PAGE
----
March 27, 2011

Syfy Character with Lance Henriksen

Lance Henriksen stars with Lauren Holly in Scream of the Banshee, the 200th original Syfy movie. Scream of the Banshee follows the story of a college professor who opens a mysterious and ornate box discovered hidden in the tunnels under her university. After she and her students hear the horrifying scream of a bloodthirsty Banshee, they're all fated to die a strange and terrible death.

Ahead of Scream of the Banshee, TheDeadbolt spoke to Lance Henriksen on a recent conference call about working on the Syfy project, the film's setting in Louisiana, and working within his character. Interestingly, Henriksen also talked about his time on the former FOX series Millenium, the favorite Westerns of his career, and whether any creatures in his past films gave him nightmares.

THE DEADBOLT: How does it feel to be in Syfy's 200th original movie?

HENRIKSEN: That's pretty cool, man. I've always liked Syfy. They really try to do something. So I'm really happy about it buddy. It's coming on at a very great moment. I've got a biography coming out; it's called Not Bad for a Human. It's coming out May 5, on my birthday. So when you do something current like this and it comes out at the same time as your biography, it's that great timing thing that works out. But I'm happy. I'm really happy. I hope people like this. I think they will.

THE DEADBOLT: It looks reminiscent of Pumpkinhead, with the Southern setting. Did you get that feeling at all on set?

HENRIKSEN: Yes, it's a plantation. When I arrived down in Louisiana, it was this beautiful columned plantation house. It was really wacky. I mean, the whole yard was full of mannequins and the inside of the house was as eccentric as you can get. My favorite thing about it is that I'm playing a fired professor who is suicidal. He's toying with the suicide and putting it on video. He's a real eccentric.

As an actor, I like those character defects and to try to play them in an interesting way, because it's certainly been done. Defects of character have been done a lot in movies, and I really enjoy it. I enjoy the challenge. It's a little bit like trying to play Bishop after you had Rutger Hauer and other guys performing an android. How are you going to come up with your own? I found a way, but it wasn't being competitive. If you were trying to be competitive with those guys, you'd burn. You'd crash and burn.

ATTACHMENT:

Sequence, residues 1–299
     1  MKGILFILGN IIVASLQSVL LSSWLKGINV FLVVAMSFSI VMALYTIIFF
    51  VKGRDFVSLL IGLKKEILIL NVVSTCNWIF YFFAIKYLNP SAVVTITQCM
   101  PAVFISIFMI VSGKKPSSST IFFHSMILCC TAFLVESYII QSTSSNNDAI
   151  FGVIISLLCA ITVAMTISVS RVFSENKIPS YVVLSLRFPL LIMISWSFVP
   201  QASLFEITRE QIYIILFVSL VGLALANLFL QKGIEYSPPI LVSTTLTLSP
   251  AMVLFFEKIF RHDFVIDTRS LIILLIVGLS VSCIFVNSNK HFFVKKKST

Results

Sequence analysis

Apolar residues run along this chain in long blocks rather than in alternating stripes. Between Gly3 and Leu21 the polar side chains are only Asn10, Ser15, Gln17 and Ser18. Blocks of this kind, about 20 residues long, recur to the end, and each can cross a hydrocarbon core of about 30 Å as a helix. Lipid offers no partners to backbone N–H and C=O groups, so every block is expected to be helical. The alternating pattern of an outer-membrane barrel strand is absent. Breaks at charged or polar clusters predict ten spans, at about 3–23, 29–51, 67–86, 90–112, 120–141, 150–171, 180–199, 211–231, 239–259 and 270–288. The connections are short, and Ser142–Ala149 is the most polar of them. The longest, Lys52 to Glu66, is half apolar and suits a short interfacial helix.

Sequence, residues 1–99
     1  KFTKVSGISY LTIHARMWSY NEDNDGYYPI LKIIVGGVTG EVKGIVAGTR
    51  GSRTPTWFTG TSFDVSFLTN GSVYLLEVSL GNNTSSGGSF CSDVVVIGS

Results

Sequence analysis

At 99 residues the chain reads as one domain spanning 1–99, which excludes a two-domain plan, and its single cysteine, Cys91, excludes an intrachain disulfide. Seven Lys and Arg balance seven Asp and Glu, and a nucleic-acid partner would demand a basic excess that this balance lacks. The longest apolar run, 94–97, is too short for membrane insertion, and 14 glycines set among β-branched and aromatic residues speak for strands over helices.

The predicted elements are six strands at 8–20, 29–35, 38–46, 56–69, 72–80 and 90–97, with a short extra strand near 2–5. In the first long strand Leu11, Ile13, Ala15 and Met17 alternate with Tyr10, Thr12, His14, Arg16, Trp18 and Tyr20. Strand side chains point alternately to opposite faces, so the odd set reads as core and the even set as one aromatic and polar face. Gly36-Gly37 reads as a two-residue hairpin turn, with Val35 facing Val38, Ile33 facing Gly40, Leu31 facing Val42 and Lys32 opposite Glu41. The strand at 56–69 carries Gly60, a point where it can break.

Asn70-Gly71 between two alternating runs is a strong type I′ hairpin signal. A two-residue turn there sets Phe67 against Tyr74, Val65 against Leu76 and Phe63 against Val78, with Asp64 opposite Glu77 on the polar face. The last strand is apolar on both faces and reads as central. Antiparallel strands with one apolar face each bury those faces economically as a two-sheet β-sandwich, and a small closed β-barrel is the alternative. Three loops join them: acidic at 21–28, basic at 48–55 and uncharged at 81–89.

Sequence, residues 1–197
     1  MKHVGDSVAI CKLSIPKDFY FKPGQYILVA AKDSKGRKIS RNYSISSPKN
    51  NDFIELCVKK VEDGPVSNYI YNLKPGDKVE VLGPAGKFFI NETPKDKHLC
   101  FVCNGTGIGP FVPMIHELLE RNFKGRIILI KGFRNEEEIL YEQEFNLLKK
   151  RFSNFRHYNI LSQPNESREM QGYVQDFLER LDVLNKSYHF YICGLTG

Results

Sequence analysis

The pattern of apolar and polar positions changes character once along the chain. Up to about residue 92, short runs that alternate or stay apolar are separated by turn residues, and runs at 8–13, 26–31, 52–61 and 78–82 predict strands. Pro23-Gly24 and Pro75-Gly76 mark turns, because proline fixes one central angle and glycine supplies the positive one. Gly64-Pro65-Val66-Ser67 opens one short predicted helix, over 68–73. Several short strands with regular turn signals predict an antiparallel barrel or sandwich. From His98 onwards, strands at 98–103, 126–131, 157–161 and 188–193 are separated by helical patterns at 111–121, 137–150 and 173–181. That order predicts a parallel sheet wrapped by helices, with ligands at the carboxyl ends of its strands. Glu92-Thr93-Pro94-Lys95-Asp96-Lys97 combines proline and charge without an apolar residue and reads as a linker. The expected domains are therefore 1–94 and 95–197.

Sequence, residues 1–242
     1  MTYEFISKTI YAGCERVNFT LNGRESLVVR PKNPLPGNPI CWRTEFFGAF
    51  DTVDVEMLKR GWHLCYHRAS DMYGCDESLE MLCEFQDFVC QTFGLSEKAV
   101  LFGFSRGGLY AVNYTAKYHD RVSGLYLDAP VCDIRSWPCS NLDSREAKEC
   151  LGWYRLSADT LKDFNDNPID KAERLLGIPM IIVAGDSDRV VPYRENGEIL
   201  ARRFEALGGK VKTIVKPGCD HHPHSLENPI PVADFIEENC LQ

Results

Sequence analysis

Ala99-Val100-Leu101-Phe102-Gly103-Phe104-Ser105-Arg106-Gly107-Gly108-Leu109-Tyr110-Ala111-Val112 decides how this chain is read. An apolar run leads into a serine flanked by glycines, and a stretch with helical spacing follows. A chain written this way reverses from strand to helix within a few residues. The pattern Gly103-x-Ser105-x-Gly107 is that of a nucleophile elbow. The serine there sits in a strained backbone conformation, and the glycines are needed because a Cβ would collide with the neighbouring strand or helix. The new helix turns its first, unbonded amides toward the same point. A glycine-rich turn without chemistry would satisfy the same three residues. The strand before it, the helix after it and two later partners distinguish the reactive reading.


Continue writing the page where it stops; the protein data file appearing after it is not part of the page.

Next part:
THE DEADBOLT: How much leeway did you have with injecting your own style into the character?

HENRIKSEN: Well, my director just let me go. I told him what I wanted to do based on what I saw and what I read in the script. He just said, "Do it." The first thing I asked for, "What is the smallest gun I could use in the movie that could actually kill you?" Then they found it for me, so we started off on a great footing. Lauren Holly was wonderful in the movie. I got to smell her hair when I grabbed her around the neck.

Other Conference Call Highlights

Lance Henriksen and his experience on Millennium

"That was a three-year experience. We did 60 shows in three years. So that was a lot of shows. And working with Chris Carter and these great writers they had on it, I think we were a little ahead of our time. Chris doesn't think that, but I do, that it was going in a direction [where] a couple more years and we would have really made a mark a lot larger than we did. Even though some of those shows I was very, very proud of, at least half of them, it was tremendous amount of work. We're still thinking that we should do a movie. Even after all these years it would be amazing to do it.

"So much has happened since then. The crossover to The X-Files was to me a little odd, because when you think of all the things that happened since that problem with computers in 2000, that they wouldn't turn over, everybody was afraid and they were buying water. It was a crazy moment, but nothing happened. And then everything that's happened since, imagine what Millennium would do with all the things that are going on in the world right now. So it has the capacity to be a movie.

"But I loved doing it. It changed my life because the guy that I was playing was so much more educated and smarter than I was, so I had to live up to it. I learned a lot. I really did."

Henriksen on the favorite Western he's done

"There's been four of them; Appaloosa with Ed Harris. I loved playing Ring. Before that I did a movie called Gunfighter's Moon. One of my favorites of all time was with Jim Jarmusch, we did Dead Man. I was in that with Johnny Depp and all of that. I ride really well and I shoot a gun really well. I love the genre because I knew Rex Rossi, who was a guy that had been bought by Tom Mix to be in his Wild West show.

Lance Henriksen on past creatures from his films that he's dreamed about

The only one that's appeared in my dreams is the one from Aliens. Giger's version of that necromancy, it's almost like a tic. It's very, very much, somehow attacking our core, a reptilian core. That creature is something like a baby and tic combined. It's very frightening. It strikes that core, that unconscious core. That one, it scared the hell out of me. I mean it really did.

The only one I think I could beat, one at a time - if my life depended on it - would be the Predator. At least if it was in my territory, in my domain, with the guns that I've got, I think I could hurt him pretty bad. I mean, that's the only one though. The rest of them, when you get into metaphysical creatures, they don't play fair.

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